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Heavy Metal Subculture

Heavy Metal Subculture

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Published by Jordan Aguilar

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Published by: Jordan Aguilar on Jan 29, 2012
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 Heavy metal subcultureFrom Wikipedia, the free encyclopedia"Headbanger" redirects here. For the figure skating lift, see Figure
 A heavy metal fan wearing clothing typically associated with heavy
metal and displaying the"metal horns"gesture Fans of  heavy metal music have created their own subculture which
encompasses more than just appreciation of the style of music. Fansaffirm their membership in the subculture or scene by attending metalconcerts, buying albums, in some cases growing their hair, and most recently, by contributing to metal websites.
[edit ] Nomenclature  Heavy metal fans go by a number of different names, including Metalhead  ,
  Headbanger  ,
 and Thrasher .
 These vary with
time and regional divisions. There is no universally accepted single phrase to refer to fans or the subculture itself.[edit ]Subculture The 
 neutrality  of this section is  disputed 
.Please see
the discussion on the talk page.Please do not remove
this message until the dispute is resolved. (October 
2010) Heavy metal fans have created a "subculture of alienation" with its own standards for achieving authenticitywithin the group.
 Deena Weinstein‟s book 
Heavy Metal: The Music And Its Culture argues that heavy metal
“…has persisted far longer than most genres of rock music” due to the growth of an intense “subculturewhich identified with the music”. Metal fans formed an “exclusionary youth community” which wasdistinctive and marginalized from the mainstream” society.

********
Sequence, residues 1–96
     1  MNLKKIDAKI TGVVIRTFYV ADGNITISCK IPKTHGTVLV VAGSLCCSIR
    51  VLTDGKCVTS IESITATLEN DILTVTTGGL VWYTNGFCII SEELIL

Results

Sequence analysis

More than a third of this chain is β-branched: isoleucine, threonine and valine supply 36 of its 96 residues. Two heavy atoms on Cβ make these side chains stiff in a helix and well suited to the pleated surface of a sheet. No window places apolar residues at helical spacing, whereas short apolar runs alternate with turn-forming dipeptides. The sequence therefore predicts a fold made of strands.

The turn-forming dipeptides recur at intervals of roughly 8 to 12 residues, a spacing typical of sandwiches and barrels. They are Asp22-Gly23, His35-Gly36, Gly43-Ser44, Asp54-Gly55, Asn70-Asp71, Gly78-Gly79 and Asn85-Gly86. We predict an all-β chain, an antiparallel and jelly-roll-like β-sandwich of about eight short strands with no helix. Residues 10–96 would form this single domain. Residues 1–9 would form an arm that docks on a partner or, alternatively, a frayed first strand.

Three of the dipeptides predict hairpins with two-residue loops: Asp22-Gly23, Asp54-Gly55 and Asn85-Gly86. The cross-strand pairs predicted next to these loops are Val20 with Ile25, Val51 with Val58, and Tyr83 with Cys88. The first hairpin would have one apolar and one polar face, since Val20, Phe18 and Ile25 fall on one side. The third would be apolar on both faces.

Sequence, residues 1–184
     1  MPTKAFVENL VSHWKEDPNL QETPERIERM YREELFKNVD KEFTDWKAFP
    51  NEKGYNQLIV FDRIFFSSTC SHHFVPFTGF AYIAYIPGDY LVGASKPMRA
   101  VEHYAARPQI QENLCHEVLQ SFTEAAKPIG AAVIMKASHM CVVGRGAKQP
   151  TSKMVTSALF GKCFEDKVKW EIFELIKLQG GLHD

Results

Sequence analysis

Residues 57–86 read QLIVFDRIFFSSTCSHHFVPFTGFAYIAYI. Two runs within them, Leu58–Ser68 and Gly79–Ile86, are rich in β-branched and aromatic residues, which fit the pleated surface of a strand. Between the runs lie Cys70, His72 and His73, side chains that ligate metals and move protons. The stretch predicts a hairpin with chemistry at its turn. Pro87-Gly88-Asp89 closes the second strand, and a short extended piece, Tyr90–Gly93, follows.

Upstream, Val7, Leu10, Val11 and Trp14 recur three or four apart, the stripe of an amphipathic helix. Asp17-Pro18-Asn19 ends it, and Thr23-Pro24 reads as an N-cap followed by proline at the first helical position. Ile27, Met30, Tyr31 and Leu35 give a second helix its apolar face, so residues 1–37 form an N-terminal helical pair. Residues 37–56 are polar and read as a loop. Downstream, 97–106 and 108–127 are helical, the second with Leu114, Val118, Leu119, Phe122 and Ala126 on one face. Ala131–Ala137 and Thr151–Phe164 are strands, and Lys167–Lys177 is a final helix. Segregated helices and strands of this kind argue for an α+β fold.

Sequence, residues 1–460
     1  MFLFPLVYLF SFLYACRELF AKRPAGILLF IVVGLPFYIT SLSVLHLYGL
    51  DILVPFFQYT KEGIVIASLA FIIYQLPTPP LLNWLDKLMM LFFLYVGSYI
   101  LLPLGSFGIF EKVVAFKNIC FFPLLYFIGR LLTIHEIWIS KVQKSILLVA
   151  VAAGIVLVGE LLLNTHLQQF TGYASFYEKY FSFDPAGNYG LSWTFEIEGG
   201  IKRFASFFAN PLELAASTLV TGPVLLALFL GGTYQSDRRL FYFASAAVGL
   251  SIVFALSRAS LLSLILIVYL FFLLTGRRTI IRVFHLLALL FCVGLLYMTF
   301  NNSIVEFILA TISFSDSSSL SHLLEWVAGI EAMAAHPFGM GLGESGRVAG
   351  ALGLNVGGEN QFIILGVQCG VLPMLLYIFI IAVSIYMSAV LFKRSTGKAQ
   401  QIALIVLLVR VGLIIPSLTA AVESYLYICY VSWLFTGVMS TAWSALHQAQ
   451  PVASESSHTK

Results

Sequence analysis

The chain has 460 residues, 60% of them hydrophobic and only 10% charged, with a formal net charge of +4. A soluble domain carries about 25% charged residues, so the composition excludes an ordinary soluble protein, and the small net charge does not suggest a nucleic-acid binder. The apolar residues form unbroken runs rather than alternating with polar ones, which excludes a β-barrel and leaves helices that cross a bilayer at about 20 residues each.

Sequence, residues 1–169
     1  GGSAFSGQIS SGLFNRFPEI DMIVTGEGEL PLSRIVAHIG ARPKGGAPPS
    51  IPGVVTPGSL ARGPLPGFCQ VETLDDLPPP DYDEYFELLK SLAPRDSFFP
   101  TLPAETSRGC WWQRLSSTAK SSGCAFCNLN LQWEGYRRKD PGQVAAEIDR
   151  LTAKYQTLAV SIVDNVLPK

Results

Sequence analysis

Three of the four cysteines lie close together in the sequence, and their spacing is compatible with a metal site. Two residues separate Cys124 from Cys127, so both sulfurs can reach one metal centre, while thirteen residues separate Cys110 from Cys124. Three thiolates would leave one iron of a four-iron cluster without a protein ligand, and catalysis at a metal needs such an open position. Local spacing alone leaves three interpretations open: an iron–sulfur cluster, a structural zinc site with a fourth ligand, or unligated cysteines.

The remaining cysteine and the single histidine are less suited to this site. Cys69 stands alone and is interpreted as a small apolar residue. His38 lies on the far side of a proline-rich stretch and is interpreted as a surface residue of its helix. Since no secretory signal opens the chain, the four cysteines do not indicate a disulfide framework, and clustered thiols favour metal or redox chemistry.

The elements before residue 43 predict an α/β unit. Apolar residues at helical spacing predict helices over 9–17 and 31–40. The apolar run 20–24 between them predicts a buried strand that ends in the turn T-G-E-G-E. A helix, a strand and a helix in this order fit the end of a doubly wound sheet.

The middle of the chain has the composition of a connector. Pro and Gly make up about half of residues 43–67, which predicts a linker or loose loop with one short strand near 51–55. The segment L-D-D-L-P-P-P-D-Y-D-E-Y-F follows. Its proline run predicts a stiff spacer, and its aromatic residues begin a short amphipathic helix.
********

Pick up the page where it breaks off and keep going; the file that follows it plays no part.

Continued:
The heavy metal scene developed a strongly
masculine “community with shared values, norms, and behaviors”. A “code of authenticity” is central to the
heavy metal subculture
; this code requires bands to have a “disinterest in commercial 
appeal” and radio hitsand a refusal to “sell out”.
The metal code also includes “opposition to established authority, and 
separateness from the rest of 
 society”. Fans expect that the metal “…vocation [for performers] includes total devotion to the music and deep loyalty to the youth subculture that grew up around it…”
; a metal performer 
must be an “idealized representative of the subculture”.
While the audience for metal is mainly “white, male, lower/middle class youth,” this group is “…tolerant of 
those outside its core demographic base who follow its
codes of dress, appearance, and behavior”.
activities in the metal subculture include the ritual of attending concerts, buying albums, and most recently,contributing to metal websites. Attending concerts affirms the solidarity of the subculture, as it is one of theritual activities by which fans celebrate their music.
  Metal magazines help the members of the subculture to
connect, find information and evaluations of bands and albums, and “express their solidarity”.
 The longhair, leather jackets, and band patches of  heavy metal fashion help to encourage a sense of identification
within the subculture. However, Weinstein n
otes that not all metal fans are “visible members” of the heavy
metal subculture.[edit ]
 In the musical subcultures of  heavy metal and   punk 
 ,the word  "poseur" (or "poser") is a pejorative term used 
to describe "a person who habitually pretends to be something he/she is not.".
  In a 1993 profile of heavymetal fans' "subculture of alienation", the author noted that the scene classified some members as "poseurs,"that is, heavy metal performers or fans who pretended to be part of the subculture, but who were deemed tolack authenticity and sincerity.